El ingenioso hidalgo don Quijote de la Mancha by Miguel Cervantes. Commonly called Don Quixote in English about equally pronounced as Donkey Hoti and Don Quicks-OatThis book is held in the same sort of esteem as the complete works of Shakespeare has in the English speaking world. It is not everybody's cup of tea: it is long, the language is said to be archaic, the story line is not particularly subtle, and one of the stars is a bedraggled old nag called Rocinante. Many of my readers will be able to recall the name of Don Quixote's side-kick - and no I don't mean the horse! You can see on the left the Principals as famously rendered by Pablo Picasso. It was made into a rollicking musical called The Man From La Mancha starring Peter O'Toole as the dithery old fantasist and Sophia Loren who throughout the film seems as if she is just about to burst out of her bodice. Needless to say, the film being made in 1972 for general release, she doesn't. I've never read it, even in translation, so I can't give you any kind of synopsis let alone a value judgement - except to say that we derive our phrase tilting at windmills from one adventure in the story and that in the end [whoop whoop spoiler alert] he dies.
Hidalgo is an interesting word being a contraction of hijo de algo or son-of-somthing. The use of the term was strictly regulated in and down from the Spanish Court in the Golden Age of that country. You were still hidalgo even if your estate was mortgaged and your father had drunk, wenched and gambled himself into an early grave. If you were hidalgo you could heave yourself up to your full height and insist on 'your rights': you were still better than your rich, diligent and and successful neighbours. Don Quixote is at least partly an exposure of this delusion and its consequences. Controlling and enshrining class divisions has been considered important by those at the top since ever there was civilised society. One way in which this was enforced was in sumptuary laws which regulated who could wear what. Only certain people could trim their sleeves with fur, or use the expensive Tyrian purple dye, or wear silk clothes. There's a nice example where the law attempts to save the foolish from themselves in a diktat issued by England's Queen Elizabeth I.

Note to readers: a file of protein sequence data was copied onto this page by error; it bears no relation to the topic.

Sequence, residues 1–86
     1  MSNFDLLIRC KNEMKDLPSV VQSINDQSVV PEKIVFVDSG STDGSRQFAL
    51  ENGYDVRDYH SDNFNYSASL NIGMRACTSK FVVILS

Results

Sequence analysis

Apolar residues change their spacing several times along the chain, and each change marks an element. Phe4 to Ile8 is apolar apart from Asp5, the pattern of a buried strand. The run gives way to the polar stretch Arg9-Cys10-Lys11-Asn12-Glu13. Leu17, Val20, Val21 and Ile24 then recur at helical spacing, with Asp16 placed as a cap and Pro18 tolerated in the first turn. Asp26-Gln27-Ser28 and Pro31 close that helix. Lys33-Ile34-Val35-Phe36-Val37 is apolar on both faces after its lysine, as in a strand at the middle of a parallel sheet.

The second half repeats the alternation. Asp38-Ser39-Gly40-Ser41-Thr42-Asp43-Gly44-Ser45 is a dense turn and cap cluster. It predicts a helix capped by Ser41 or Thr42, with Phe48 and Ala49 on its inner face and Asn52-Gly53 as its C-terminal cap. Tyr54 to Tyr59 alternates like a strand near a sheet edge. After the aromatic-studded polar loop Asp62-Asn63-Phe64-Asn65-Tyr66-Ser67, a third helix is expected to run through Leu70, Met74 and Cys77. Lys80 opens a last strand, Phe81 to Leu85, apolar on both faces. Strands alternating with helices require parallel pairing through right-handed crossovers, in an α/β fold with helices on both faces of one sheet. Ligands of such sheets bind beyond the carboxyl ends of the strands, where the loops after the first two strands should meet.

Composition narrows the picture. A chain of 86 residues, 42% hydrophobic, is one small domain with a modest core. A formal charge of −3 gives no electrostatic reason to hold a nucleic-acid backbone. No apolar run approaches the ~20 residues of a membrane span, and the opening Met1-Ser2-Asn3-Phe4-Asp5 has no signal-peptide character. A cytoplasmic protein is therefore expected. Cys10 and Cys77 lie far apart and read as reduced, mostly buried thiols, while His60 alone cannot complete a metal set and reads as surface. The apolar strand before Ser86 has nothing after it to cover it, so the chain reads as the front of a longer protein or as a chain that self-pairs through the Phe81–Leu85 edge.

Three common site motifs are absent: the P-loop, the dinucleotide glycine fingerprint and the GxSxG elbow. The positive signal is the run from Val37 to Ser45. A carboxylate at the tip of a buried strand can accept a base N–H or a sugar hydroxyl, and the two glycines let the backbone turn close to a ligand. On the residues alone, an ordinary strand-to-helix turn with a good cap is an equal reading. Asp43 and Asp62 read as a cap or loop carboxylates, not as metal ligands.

If I have nothing useful to say on Don Quixote the book, why bring it up? Well I was tickled by the coincidence that 6 days ago we acquired our very own Man from La Mancha who will be living with us up the mountain. He's here to perfect his English, while learning how to make bread and how to plash a hedge. As he's been picking grapes and olives and pruning vines and olive-trees on his home-place in the middle of Spain since he was 14, the latter task shouldn't be too difficult/different? And he's already made a passable white yeast loaf for our multinational menage.
I think I might give Don Quixote a go, it can't be less tedious than Lord of the Rings.